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close this bookWood Harvesting with Hand Tools - An Illustrated Training Manual (ILO, 1989, 128 p.)
View the document(introduction...)
View the documentINTRODUCTION
Open this folder and view contentsBASIC WORK AND MAINTENANCE TOOLS
Open this folder and view contentsAXES
Open this folder and view contentsBOW SAWS
Open this folder and view contentsCROSS-CUT SAWS
Open this folder and view contentsTHE WORKER
Open this folder and view contentsTREE FELLING
Open this folder and view contentsRELEASING LODGED TREES
Open this folder and view contentsDEBRANCHING AND DEBARKING
Open this folder and view contentsCROSS-CUTTING
View the documentCUTTING WINDFALLS
View the documentWOOD SPLITTING
Open this folder and view contentsWOOD HANDLING AND TRANSPORT
View the documentPIT-SAWING
View the documentBACK COVER


This training manual updates and amalgamates the following previous ILO publications:

- Felling and cross-cutting of tropical trees in natural forests (1969); and

- Selection and maintenance of logging hand tools (1970).

These publications were prepared by B. Strehlke, on the basis of substantial inputs from H. Glr and R. Wettstein and with illustrations by B. Schmidle. The first of these two publications dealt with axes, hand saws and chain saws. Its English version has been out of print for several years. In 1980, in collaboration with the FAO, the section dealing with chain saws was expanded to include work in man-made forests and chain-saw maintenance and this was published separately under the title:

- Chainsaws in tropical forests (Rome, FAO/ILO, 1980).

During the last decade, the use of chain saws has spread increasingly to the developing countries where they are found in commercial logging operations, especially in countries with higher wage levels. However, wood harvesting with manual tools continues on a large scale and, with the shift of emphasis to trees grown by rural people, it will gain more importance in the years to come.

It is for this reason that a need was felt to compile information on basic wood harvesting, excluding machines and techniques which in many developing countries are out of reach of the rural population. This view was fully supported by the participants in an FAO/ECE/ILO Workshop on the Transfer of Basic Technology, held in 1986.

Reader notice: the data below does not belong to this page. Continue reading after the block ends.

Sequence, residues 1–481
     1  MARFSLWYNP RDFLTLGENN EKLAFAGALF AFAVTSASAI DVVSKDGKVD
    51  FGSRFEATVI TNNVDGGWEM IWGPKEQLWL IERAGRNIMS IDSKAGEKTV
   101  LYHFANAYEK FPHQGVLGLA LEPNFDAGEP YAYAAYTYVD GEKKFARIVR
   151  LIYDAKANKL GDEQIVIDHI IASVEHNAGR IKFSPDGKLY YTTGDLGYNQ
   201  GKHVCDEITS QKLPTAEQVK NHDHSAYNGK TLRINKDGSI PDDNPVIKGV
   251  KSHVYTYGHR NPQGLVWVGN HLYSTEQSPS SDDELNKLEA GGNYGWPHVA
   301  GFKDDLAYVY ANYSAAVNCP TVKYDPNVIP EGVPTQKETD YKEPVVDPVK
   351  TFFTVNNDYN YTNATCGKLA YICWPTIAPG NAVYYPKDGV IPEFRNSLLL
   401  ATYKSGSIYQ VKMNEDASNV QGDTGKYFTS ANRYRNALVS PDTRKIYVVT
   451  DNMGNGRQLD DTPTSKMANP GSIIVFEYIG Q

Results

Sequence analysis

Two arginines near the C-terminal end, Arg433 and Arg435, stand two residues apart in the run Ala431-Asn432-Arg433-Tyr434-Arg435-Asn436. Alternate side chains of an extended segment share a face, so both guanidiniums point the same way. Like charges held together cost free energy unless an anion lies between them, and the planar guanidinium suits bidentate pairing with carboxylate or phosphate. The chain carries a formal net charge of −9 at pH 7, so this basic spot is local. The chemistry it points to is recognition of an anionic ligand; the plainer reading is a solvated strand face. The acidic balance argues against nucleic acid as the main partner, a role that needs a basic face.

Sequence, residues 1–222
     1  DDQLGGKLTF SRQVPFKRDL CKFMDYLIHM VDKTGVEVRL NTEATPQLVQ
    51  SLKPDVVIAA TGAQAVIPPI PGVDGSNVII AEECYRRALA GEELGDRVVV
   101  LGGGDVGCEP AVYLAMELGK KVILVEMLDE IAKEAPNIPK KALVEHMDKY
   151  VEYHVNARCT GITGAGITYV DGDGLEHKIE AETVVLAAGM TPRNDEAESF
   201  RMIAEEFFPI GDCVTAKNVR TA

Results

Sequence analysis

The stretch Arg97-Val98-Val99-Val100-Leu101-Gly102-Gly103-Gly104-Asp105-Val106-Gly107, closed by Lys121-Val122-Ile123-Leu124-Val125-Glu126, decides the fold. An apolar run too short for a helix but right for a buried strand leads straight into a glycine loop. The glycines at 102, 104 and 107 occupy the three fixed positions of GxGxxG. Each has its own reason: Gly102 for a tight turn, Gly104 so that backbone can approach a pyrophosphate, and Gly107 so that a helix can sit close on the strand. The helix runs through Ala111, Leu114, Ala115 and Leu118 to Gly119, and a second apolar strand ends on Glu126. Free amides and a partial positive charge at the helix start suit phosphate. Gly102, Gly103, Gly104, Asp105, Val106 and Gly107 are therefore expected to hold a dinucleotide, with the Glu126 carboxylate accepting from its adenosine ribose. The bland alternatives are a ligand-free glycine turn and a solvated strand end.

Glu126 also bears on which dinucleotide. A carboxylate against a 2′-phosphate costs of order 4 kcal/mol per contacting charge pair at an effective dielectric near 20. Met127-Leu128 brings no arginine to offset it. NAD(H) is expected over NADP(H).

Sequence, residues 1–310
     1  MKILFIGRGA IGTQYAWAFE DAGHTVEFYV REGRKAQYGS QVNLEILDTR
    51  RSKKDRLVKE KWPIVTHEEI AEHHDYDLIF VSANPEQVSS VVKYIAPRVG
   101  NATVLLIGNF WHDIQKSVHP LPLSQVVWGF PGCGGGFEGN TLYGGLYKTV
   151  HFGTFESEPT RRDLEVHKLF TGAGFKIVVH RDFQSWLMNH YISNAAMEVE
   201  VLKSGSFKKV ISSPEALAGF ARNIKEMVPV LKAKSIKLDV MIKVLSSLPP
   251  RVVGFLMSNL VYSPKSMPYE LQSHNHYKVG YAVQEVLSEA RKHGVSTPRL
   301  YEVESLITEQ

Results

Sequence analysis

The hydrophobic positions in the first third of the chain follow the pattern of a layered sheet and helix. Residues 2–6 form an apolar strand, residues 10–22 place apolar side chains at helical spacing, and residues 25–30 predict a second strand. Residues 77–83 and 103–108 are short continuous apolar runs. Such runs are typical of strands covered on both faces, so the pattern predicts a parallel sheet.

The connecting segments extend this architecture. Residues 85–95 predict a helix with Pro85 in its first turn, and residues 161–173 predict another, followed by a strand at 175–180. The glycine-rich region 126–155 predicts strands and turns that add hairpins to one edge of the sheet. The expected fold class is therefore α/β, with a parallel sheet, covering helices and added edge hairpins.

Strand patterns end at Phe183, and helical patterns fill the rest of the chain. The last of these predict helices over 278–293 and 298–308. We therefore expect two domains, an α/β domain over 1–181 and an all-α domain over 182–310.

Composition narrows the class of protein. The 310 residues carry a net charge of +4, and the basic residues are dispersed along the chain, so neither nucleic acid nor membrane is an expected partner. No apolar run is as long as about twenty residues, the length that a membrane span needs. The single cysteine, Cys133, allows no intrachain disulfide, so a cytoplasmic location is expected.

For several years it looked as if experience in efficient basic logging and supplies of hand tools of adequate quality would become less and less available. This trend has changed thanks to the manufacture of improved forestry tools in several developing countries and the reappearance of logging hand tools in the catalogues of some of the major dealers in forestry tools and equipment.

Attempts have also been made in Central Europe and Scandinavia to keep alive experience in manual logging accumulated in previous periods and to encourage further improvement of manual tools and techniques. An example of this is the logging sulky of which a bogie type has been developed only recently.

This manual is addressed primarily to trainers, extension workers, work supervisors and foremen.

As in the three publications mentioned above, an attempt has been made to use simple terms and to describe as much as possible by means of drawings. Users are encouraged to translate the text into other languages and to copy illustrations in any way they might find useful for training purposes.

The reader interested in supplementary information is referred to the following publications:

- Equipment planning guides for vocational and technical training and education programmes: No. 17 - Forestry (Geneva, ILO, 1981);

- Basic technology in forest operations (Rome, FAO, 1982);

- Swedish forestry techniques with possible applications in the Third World (Spa, SIDA, 1983);

- Handbook on appropriate technology for forestry operations in developing countries (Helsinki, FINNIDA, 1986).

The present publication was compiled by B. Strehlke in collaboration with E. Fosser. Hazel Cecconi edited and typed the text and Michel Bagamended and supplemented the drawings. DANIDA provided the finance.